Norway based transportation company IM Skaugen said that it has won around USD 15 million in damages in the arbitration case against MAN Diesel & Turbo SE, the German diesel propulsion manufacturing company.
The dispute relates to the company’s agreement with MAN to purchase 12 marine diesel propulsion systems comprising engines and propellers.
According to Skaugen, MAN has “misrepresented the fuel consumption on many, or all of, the 12 marine diesel propulsion systems” sold to the company.
“We believe that the engines consume more fuel than was promised, agreed/warranted and subsequently documented by MAN in the official and required Factory Acceptance Tests (FATS). MAN has admitted to manipulating the FATs when it comes to 3 of our 12 marine diesel engines and this was done to conceal the excess fuel consumption,” the company said.
Furthermore, the Norwegian shipowner pointed out that it has secured documents showing that the manipulations had been performed by MAN on a regular basis for more than 10 years at their company – and for many of their clients.
As disclosed, MAN has since then stated that the said activities had been discontinued by spring 2011, and accepted a fine in Augsburg local court in 2013.
“However, MAN refuses to compensate our company for any of our losses despite the admitted fraud, and MAN also refuses to repay our company for prepayment made for engines not delivered and that we cannot take delivery of due to their fraud,” the company added.
The latest arbitration, which is part of a larger complex of cases on the matter, concerned whether or not Skaugen was entitled to terminate the contract for the purchase and sale of two sets of marine diesel engines of the type 6L 48/60B (with related propellers), which MAN had produced and tested in 2008-2009.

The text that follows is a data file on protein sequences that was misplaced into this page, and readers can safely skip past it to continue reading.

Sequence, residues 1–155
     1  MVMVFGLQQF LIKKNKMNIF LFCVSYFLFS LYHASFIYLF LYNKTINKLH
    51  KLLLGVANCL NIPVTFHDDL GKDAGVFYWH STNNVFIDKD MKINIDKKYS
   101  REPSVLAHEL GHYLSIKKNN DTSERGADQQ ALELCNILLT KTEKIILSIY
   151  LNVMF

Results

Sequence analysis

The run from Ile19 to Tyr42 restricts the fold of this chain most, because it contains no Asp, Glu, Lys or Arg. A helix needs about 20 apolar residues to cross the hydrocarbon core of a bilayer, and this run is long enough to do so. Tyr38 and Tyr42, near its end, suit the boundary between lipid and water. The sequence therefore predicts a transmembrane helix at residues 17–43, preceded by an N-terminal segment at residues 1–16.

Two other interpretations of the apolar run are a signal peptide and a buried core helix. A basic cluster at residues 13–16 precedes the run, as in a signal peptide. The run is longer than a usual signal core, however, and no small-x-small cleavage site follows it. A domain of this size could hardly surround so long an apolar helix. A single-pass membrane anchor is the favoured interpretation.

As determined by the ICC International Court of arbitration, the two engines did have a substantially higher fuel consumption than stated in the official FATs and a substantial higher consumption than the maximum lever warranted by MAN. In addition, the tribunal held that MAN had violated its obligation to loyally disclose to Skaugen all information about the engines in dispute, the company further noted.
On this basis, the tribunal concluded that Skaugen was entitled to terminate the contract, which the company did in 2012, and compelled MAN to refund Skaugen its down-payment for the engines in the amount of around EUR 5.3 million as well as reimburse Skaugen for its legal costs and other costs of around EUR 1.4 million in total.
“By year-end 2016, we had USD 8.3 mill on our balance sheet as prepayment made for diesel propulsion systems from MAN (not yet delivered), and we await recovery of all the prepaid funds that we seek from MAN,” the company concluded.
In addition, Skaugen said that it also has pending litigation ongoing in Norway regarding its purchase of marine propulsion systems from MAN, within which the company is claiming recovery of additional/excessive fuel costs on vessels currently in operation, and other losses incurred.